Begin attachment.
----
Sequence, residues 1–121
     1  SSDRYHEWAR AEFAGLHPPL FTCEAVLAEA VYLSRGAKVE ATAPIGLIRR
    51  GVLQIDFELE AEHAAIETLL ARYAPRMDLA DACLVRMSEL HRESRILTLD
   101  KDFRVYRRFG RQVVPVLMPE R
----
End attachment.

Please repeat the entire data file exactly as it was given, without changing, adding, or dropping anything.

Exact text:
Sequence, residues 1–121
     1  SSDRYHEWAR AEFAGLHPPL FTCEAVLAEA VYLSRGAKVE ATAPIGLIRR
    51  GVLQIDFELE AEHAAIETLL ARYAPRMDLA DACLVRMSEL HRESRILTLD
   101  KDFRVYRRFG RQVVPVLMPE R